"Explicit Mutual Wage Doctrine" Barred Janitor's Claim For Additional Unpaid Overtime

Arechiga v. Dolores Press, Inc., 192 Cal. App. 4th 567 (2011)

Carlos Arechiga worked as a janitor for Dolores Press for almost seven years at which time his employment was terminated. Although Arechiga filed a complaint alleging various causes of action, only his claim for violation of the Unfair Competition Law went to trial. Arechiga, a non-exempt employee, claimed the $880 that he received per week was not a salary (as the employer contended) but was the amount he was to be paid for 40 hours of work per week (i.e., $22 per hour) and did not include payment for his regularly scheduled 26 hours of weekly overtime. The employer argued that under California’s “explicit mutual wage agreement” doctrine, an employer and a non-exempt employee may lawfully agree to a guaranteed fixed salary so long as the employer pays the employee for all overtime. The trial court determined that the $880 weekly payment lawfully compensated Arechiga for both his regular and overtime work based on a regular hourly wage of $11.14 and an overtime hourly wage of $16.71. The Court of Appeal affirmed, holding that Labor Code § 515(d) did not “outlaw” explicit mutual wage agreements such as the one proven in this case, rejecting the Labor Commissioner’s contrary interpretation.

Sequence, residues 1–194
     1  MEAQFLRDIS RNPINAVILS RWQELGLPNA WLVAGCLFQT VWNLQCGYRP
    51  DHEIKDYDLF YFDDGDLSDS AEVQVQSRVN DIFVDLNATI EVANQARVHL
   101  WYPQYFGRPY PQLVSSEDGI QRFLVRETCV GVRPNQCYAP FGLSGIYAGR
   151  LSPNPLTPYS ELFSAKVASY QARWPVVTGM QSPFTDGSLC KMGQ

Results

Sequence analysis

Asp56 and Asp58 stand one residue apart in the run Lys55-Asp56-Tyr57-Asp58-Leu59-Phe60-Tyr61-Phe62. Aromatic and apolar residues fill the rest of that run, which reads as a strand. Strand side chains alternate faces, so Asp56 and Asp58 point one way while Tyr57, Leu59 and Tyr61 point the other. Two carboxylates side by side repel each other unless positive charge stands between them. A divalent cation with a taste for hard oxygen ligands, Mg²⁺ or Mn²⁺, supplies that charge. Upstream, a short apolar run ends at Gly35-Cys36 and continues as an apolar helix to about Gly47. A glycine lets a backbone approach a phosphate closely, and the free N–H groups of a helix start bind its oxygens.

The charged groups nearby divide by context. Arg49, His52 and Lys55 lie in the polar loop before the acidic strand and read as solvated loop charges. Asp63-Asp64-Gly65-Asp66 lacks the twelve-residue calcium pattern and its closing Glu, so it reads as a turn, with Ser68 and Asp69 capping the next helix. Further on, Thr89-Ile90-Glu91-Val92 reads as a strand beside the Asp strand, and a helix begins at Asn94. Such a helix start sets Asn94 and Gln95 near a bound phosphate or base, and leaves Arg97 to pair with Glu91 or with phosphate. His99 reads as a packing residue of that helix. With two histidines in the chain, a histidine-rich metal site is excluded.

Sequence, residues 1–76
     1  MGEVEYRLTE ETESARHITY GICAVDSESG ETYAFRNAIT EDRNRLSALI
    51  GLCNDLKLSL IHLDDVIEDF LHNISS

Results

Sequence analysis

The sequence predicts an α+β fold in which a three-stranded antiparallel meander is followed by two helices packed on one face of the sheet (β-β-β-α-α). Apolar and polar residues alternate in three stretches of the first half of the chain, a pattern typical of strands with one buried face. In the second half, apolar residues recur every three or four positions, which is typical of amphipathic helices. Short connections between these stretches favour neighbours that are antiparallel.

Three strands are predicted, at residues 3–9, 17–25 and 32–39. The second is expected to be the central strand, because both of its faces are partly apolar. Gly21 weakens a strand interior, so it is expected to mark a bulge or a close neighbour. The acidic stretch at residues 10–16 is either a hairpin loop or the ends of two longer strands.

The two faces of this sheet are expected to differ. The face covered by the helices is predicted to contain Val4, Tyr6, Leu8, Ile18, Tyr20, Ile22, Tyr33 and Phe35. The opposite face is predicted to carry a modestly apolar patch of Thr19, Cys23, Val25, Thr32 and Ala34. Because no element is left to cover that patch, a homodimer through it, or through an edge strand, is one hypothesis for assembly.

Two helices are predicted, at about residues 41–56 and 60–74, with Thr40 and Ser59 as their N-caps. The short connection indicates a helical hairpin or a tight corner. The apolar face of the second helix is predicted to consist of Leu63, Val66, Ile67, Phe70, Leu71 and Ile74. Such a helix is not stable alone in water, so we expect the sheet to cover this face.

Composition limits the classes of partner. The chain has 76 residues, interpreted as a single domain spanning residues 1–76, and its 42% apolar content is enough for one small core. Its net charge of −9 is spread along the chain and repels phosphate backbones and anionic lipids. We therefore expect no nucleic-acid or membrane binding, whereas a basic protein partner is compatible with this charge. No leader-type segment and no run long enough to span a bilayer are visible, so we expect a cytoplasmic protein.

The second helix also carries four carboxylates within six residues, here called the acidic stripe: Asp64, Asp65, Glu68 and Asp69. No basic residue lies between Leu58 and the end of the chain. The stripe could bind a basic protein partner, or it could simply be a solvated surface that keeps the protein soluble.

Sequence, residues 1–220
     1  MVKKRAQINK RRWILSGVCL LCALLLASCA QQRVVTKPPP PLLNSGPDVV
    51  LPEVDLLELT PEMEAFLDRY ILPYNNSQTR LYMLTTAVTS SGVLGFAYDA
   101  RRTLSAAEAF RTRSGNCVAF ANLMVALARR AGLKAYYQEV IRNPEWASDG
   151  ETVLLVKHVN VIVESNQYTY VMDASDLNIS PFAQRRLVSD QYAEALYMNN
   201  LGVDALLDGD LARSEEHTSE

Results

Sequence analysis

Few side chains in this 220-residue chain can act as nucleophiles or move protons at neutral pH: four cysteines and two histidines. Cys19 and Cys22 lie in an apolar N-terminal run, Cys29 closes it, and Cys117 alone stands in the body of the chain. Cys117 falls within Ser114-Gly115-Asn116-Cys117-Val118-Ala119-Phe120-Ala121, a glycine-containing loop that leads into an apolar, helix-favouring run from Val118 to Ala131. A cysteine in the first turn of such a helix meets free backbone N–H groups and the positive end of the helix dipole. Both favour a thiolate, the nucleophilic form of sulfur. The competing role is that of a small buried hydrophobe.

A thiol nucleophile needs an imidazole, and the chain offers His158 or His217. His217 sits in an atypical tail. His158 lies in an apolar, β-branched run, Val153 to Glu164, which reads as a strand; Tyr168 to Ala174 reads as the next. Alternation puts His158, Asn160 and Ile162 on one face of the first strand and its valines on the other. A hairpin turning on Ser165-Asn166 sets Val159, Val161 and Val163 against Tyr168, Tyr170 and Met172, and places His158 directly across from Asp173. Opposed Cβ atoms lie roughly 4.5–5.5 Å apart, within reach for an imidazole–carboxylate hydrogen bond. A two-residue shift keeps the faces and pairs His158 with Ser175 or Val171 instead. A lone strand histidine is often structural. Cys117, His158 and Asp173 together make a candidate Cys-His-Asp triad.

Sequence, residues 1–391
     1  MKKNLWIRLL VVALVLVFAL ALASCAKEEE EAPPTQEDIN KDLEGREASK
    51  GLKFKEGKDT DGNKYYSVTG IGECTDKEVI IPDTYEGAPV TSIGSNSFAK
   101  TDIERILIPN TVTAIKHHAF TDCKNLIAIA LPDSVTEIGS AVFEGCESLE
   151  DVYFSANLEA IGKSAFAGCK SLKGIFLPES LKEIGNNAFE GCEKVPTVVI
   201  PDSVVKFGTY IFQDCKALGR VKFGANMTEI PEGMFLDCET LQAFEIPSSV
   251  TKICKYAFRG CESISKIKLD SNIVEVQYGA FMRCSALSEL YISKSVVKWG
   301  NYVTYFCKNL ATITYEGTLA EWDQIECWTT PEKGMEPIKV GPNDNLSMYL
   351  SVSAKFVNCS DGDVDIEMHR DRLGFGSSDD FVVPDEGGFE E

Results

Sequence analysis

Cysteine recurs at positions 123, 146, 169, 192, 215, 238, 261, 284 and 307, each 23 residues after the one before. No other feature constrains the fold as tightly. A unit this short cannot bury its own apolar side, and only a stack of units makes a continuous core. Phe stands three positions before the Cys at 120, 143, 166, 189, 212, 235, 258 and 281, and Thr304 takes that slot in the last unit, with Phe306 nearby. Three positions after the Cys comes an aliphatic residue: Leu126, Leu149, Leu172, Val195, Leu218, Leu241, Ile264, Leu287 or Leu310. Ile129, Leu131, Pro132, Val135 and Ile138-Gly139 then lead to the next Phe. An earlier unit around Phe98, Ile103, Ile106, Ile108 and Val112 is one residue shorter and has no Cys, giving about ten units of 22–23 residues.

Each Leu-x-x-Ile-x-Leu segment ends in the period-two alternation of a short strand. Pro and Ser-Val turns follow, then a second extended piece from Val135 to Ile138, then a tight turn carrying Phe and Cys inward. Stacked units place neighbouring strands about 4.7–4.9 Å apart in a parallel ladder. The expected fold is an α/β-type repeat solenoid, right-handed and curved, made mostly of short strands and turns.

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DISCLAIMER: Because of the generality of this update, the information provided herein may not be applicable in all situations and should not be acted upon without specific legal advice based on particular situations.

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